Here is her first self portrait:

I am so thankful I have been able to connect my host family with their daughter and her family abroad... and now that I'll be able to help them continue the visual communication (with her and hopefully me, too!) even after I leave.

20 February 2012

Snow men

Over the last couple of weeks we have had an incredible amount of snow. Had it fallen in the mountains, I'm sure it would have been perfect for skiing because it was very powdery. That's cool and all, but in all honesty I've been waiting for it to become wetter because I wanted to build a snowman! Finally today I got my chance! And some kiddos stopped to help me... it was a lot of fun but I will say this: it's not a fun surprise when coming upon yellow snow. Snowmen are supposed to be WHITE- not yellow. ew. At least I had waterproof gloves on! When I got home I told my host mom I found "my man"... she thought it was funny :)

Then, when heading home, I noticed how the leaves had landed on the snow and sunk down an inch... leaving a beautiful imprint!

... and when the kids saw these icicles hanging off of the house, they couldn't resist but to stop and get one!

... and I couldn't say no for a photo, either.

Some people we met on the way home...

Something I love seeing is people pulling their little ones on sleds everywhere. It makes so much sense... sometimes the snow is too high for the kids to walk through, and they take forever... so it makes the trip much faster!

I must say, I'm quite impressed with these iPod photos! They're not print quality by any means, but they work!

16 February 2012

Taking risks

The last few days have been rather mentally, emotionally, and physically draining. When I was younger, I used to explode when I got angry at someone whether it was a friend, my parents, or a significant other, because I would let the little things build and build and build until I couldn't take it anymore. Fortunately for me (and them!) I have learned how to communicate better and I've realized that yelling really doesn't solve problems. However, I think this is what happened with my thoughts. I have no idea where they all came from but all of a sudden they were all there and unstoppable and accounted for a near sleepless night causing a ridiculously irritating day after. The thoughts included just about everything in regards to my ideal future schools project (locations, contacts, funding, equipment, shots, thank you's) and the in-between (where, funding, exhibits, work), what to do after the project, what to do if the project isn't successful or even if I should do it at all, how I've changed since coming to Moldova, relationships, and the possibility of grad school (online or on campus? why or why not?). Oh my gosh. Just typing it seems like a lot... imagine having these thoughts for HOURS upon HOURS. #headache.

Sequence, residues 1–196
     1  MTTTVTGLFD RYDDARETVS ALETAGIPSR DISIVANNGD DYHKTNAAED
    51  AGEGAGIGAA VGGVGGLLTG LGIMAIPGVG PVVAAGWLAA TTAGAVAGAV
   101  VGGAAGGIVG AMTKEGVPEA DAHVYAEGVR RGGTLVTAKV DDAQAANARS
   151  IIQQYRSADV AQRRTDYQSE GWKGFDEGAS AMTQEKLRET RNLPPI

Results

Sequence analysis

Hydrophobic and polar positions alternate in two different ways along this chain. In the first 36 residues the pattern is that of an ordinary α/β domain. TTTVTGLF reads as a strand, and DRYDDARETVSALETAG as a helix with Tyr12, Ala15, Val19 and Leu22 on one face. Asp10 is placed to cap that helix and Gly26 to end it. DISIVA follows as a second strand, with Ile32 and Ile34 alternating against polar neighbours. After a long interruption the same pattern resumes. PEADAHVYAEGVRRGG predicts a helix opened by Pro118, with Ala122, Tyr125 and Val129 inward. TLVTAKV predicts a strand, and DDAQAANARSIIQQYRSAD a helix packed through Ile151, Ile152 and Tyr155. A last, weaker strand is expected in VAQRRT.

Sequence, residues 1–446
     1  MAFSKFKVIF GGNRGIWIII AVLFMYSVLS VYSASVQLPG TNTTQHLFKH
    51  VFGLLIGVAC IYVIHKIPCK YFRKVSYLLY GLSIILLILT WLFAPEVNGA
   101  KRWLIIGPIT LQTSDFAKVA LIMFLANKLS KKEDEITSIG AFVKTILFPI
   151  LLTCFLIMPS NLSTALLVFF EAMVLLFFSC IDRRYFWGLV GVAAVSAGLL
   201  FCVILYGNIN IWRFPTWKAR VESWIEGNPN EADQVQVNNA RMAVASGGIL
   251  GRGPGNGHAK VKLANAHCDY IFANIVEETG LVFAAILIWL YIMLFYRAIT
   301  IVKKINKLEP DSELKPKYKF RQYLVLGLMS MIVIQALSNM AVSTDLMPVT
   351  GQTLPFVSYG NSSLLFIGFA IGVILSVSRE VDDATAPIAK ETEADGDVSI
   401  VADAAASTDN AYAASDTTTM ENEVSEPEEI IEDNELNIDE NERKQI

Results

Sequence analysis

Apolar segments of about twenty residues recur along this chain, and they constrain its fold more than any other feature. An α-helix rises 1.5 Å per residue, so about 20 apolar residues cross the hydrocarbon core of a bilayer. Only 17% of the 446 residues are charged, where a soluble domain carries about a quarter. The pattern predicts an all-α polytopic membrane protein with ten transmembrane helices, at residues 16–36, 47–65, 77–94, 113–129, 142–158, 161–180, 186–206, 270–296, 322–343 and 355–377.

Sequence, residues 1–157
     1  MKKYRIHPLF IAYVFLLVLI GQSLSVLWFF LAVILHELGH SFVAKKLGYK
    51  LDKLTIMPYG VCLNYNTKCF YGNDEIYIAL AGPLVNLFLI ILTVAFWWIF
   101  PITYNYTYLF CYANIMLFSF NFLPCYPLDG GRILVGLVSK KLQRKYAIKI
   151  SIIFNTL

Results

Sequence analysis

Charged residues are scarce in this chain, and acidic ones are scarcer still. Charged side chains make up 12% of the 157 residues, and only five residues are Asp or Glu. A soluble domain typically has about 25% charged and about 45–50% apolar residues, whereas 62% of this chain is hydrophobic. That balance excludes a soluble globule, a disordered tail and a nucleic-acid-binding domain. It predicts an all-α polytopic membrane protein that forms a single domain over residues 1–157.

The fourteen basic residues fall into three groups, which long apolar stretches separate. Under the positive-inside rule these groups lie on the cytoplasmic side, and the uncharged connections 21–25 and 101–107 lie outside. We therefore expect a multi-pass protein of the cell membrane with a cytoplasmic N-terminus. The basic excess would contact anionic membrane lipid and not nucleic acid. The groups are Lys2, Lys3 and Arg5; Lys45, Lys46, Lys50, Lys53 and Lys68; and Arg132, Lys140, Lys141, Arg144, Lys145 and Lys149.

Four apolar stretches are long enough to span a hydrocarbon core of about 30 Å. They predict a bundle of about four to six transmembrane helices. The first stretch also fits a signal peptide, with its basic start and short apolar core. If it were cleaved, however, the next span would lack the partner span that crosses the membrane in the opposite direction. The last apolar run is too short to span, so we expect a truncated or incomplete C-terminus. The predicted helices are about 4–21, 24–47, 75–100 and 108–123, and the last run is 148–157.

While all of these thoughts are still there, I can officially say that thanks to a couple of friends letting me spill it and writing it all out, I feel much better about everything.